1 month ago
This raises a question about the order of events in design. Design is a path-dependent process. That means the early moves constrain the later moves. Think about the cycle. On the very first iteration the design possibilities are wide open. The designer defines some screens and workflows and then the programmer builds those. On the next iteration, it’s not wide open anymore. The new design has to fit into the existing design, and the new code needs to fit into the existing code. Old code can be changed, but you don’t want to scrap everything. There is a pressure to keep moving with what is already there. Our early design decisions are like bets whose outcome we will have to live with iteration after iteration. Since that’s the case, there is a strong incentive to be sure about our early bets. In other words, we want to reduce uncertainty on the first iterations.

Ryan Singer

1 month ago

I was putting together some new content for the marketing pages on ooomf.com and I threw together some new styles that represent the direction we’re trying to move to for the future (we have a few cool announcements coming up!). While I was at it, I developed an OOCSS framework for making responsive pages quickly, without touching any CSS. I’ll hopefully get around to open-sourcing that at some point soon.

In a week, we restyled everything on the front-side of the site, made everything responsive, developed a new wordpress blog for our super popular science-based posts, and split our marketing styles from our app styles.

My favourite part of the redesign was the blog. It’s heavily inspired by Medium (is there any other way to make a blog now? They solved the content-first blog design so well..), but with a few nice departures. Specifically, the post page blends our beautiful Unsplash photography with the post content. Check everything out. We’ll be continually updating the front-side of the app in the future, so things will likely change.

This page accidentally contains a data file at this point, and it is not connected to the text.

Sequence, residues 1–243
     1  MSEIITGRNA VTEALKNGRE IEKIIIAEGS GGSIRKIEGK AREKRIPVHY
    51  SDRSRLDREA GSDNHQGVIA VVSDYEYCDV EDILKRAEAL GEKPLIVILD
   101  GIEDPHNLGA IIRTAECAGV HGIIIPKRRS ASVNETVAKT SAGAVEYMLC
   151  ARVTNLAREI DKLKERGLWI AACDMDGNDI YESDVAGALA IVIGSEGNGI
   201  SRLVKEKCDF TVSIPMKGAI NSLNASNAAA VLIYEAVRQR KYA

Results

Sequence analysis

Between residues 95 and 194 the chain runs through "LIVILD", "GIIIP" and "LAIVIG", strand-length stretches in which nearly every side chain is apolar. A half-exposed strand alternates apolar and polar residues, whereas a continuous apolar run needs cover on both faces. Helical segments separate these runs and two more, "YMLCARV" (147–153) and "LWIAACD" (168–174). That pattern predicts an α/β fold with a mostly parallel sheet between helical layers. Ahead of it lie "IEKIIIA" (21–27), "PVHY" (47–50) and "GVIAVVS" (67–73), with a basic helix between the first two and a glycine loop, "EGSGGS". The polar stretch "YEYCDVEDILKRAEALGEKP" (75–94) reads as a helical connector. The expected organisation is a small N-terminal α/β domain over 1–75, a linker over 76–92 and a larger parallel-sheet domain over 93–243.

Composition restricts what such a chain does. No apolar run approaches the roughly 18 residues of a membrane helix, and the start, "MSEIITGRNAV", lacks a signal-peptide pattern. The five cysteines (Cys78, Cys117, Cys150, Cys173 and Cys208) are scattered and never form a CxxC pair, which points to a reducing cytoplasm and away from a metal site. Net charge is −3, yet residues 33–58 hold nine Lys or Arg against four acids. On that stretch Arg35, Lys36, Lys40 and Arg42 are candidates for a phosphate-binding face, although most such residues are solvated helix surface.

ooomf-blog

ooomf-blog-post

1 month ago
There are very few endeavors focused on involving adults in science. The vast majority focus on getting kids into science, as they absolutely should. But, these endeavors view converting children into a career in science as the ultimate horizon goal. There’s a complete void when it comes to adults. Once you’ve chosen a career outside of science, you are forever lost to the science world. The focus on you ends. You’re considered an unfortunate statistic. Somehow overnight you went from being “the future” to being a “loss” on the science scoreboard. We abandon those supposed “futures” the moment they choose a career outside of science and continue to overlook them for the decades to come.

Ariel Waldman

3 months ago
It is a funny thing about life: we honor the sacrifices of our forebears not by doing precisely what they would choose for us at that moment, but by following the spirit of them wanting us to be happy. We do not do the bidding they would prescribe for us a generation away, but instead by doing what they might choose for themselves if they were our age. If they’ve done well by us and we by them, perhaps we accomplish more each generation as we go.

Andy Dunn, CEO of Bonobos

3 months ago
What a strange thing multi-generational struggle is. One generation’s work and sacrifice creates over-confidence and perhaps hubris in the next.

Andy Dunn, CEO of Bonobos